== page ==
Senate makes a statement

Senate sends letter to Trustees asking for removal of statement on human sexuality

Kyle Morrison, News Editor

 ASSP Human Sexuality Statement

On Feb. 1, the ASSP senate voted 10-0 with two abstentions to send a letter  to the board of trustees asking them to remove the statement on human sexuality from the student handbook and replace it with a statement of affirmation for the LGBTQIA+ community. This decision comes as Seattle Pacific University is being sued for sexual orientation discrimination by part time nursing professor Jeaux Rinedahl.

The letter which was authored by senators Rayna Martin (Emerson), Cambria Judd Babbit (Commuter students), Kolbe Logan (Humanities), Carrie Cox (Ashton), and Jojo Nguyen (At large) cites a previous proposal passed by the senate in the 2018-2019 school year titled, “​Student Mental Health and Theological Concerns: Rewrite Rhetoric found in Community and Lifestyle Expectations,” as it’s main basis for argument.

“The vision for this letter isn’t really attacking specific policies, that’s what the original 2018-2019 proposal was for,” Ashton senator Carrie Cox explained. “This is just a reflection to show those changes that were articulated there are still what we want to see happen.”

In the 2018-2019 proposal, which is 25 pages long, former CHA senator Joseph Cagley, former Fine Arts senator Lila Fowler, former president Nathan Samayo, and former student Levi Clung laid out a plan to replace the statement on human sexuality with a statement of affirmation for the LGBTQIA community.

The argument for this change in policy is taken from both scientific and theological angles.

“The statement on Human sexuality is a form of violence against LGBTQ+ individuals as it others gender and sexual minorities from their cisgender, heterosexual peers as lesser human,” the proposal says.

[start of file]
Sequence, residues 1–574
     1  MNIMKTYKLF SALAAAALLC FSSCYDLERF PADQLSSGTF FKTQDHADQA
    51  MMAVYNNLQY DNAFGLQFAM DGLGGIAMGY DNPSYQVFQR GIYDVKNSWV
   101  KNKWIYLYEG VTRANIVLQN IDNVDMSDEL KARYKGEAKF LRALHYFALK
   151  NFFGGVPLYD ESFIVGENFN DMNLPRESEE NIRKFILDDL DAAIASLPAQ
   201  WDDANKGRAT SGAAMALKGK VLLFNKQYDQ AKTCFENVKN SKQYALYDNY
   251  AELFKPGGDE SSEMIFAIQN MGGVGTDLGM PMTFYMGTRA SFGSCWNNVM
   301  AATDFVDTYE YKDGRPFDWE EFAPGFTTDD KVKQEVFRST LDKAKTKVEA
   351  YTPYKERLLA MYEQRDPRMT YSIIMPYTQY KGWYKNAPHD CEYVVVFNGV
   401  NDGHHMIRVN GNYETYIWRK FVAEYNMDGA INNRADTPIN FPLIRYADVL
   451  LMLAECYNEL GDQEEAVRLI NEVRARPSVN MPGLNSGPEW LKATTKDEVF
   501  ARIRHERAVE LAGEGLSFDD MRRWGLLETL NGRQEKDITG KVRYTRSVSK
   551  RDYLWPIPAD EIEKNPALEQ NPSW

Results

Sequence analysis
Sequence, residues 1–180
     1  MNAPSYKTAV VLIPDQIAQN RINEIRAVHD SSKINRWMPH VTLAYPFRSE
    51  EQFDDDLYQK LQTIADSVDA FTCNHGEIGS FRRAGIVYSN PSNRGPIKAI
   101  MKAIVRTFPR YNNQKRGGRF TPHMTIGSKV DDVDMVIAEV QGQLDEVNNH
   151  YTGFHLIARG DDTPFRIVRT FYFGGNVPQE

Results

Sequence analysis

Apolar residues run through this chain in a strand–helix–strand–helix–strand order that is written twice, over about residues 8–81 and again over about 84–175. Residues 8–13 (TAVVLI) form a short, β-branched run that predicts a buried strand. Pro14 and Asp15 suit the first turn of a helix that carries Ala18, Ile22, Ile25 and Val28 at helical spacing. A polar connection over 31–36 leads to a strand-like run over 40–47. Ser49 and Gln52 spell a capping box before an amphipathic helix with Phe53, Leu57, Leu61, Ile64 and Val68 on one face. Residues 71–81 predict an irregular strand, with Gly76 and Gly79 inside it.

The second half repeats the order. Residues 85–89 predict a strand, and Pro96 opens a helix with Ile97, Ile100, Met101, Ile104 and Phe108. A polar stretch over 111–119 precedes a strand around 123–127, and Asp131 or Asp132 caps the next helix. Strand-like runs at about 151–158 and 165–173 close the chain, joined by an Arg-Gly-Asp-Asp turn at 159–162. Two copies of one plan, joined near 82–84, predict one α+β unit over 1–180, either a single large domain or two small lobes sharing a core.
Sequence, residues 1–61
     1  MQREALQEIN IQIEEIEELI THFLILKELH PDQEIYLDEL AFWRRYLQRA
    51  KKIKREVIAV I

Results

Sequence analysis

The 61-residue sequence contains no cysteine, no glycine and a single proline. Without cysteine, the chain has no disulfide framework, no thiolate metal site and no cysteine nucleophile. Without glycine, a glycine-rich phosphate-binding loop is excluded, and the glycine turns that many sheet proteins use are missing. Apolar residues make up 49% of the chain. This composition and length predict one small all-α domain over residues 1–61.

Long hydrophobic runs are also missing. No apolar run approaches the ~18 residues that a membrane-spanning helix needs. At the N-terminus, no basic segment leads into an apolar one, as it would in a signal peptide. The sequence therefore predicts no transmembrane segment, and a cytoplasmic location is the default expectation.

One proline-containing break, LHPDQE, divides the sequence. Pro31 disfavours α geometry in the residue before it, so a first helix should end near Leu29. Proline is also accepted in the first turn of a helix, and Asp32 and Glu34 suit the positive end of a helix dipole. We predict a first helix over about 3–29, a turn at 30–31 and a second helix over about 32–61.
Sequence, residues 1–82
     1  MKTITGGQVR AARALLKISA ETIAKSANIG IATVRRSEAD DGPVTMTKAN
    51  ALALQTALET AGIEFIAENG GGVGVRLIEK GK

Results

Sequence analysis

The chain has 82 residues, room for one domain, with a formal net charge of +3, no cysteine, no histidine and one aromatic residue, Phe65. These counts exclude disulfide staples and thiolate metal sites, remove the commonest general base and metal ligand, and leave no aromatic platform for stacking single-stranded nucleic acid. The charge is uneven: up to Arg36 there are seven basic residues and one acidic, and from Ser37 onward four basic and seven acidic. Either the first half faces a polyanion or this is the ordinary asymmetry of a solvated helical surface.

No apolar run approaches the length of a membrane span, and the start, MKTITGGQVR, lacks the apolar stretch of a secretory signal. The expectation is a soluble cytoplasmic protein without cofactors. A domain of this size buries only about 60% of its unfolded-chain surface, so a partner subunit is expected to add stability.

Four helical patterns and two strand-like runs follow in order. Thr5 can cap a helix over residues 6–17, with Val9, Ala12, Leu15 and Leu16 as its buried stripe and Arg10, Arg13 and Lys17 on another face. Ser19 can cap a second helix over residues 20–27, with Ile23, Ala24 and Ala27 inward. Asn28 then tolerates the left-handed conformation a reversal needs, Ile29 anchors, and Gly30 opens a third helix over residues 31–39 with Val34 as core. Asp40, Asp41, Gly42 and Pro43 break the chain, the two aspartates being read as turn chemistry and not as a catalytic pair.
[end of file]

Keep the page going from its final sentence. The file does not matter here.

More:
The proposal cites a study done by Mark L. Hatzenberger who surveyed 31,852 Oregon children, which claims that the risk of suicide for LGBTQIA+ individuals is 5 times that of their straight, cisgendered peers. This number goes up by up to 20% if an LGBTQIA individual is in an unsupportive community.

“The reason why this is violence is because it can cause death,” Senator for intercultural affairs Laur Lugos explained in the senate debate. “Anything that can cause another person to kill themselves can be considered violence.”

On the theology side, the 2018-2019 proposal focuses heavily on the concept of Imago dei or the idea that all humans are created in the image of God.

Levi Clum, who authored the portion on theology claims that there is biblical proof in Deuteronomy 32:18 and Isaiah 66:13 that God themselves are gender fluid and queer. 

A copy of Senate’s letter regarding the statement on human sexuality. (Courtesy of ASSP Senate)

He goes on to say that when Christ came to Earth he, “continuously reoriented the cultural norms of his context.” Clum also claims that, “If Christ cannot take on the experiences of the LGBTQ+ community, then the reconciling work of God is not absolute, therefore, undermining the perfect goodness and wholeness of Godself, and the Holy Spirit’s sanctification of humanity.”

Members of the senate see the new letter passed in 2021 as a reminder to the Board of Trustees of the 2018-2019 proposal, which according to commuter student senator Cambria Judd Babbit, senate never got a response on.

“Senate has already passed something like this in the years passed, we got no response from administration, and so a group of senators all got together last week and we decided to kind of write a letter of support for students in the LGBTQI community,” Judd Babbit explained. 

The letter and the 2018-2019 proposal do not fully condemn section eight of the student handbook. It still proposes to leave rules prohibiting pre-marital cohabitation and sex in place, but without any anti LGBTQIA+ language.

As of Tuesday, Feb. 9 the letter has been received by Dr. Dan Martin, Dr. Laura Hartley, and Dr. Jeff Jordan, who will pass the letter on to the board of trustees. The ASSP senate is awaiting a response.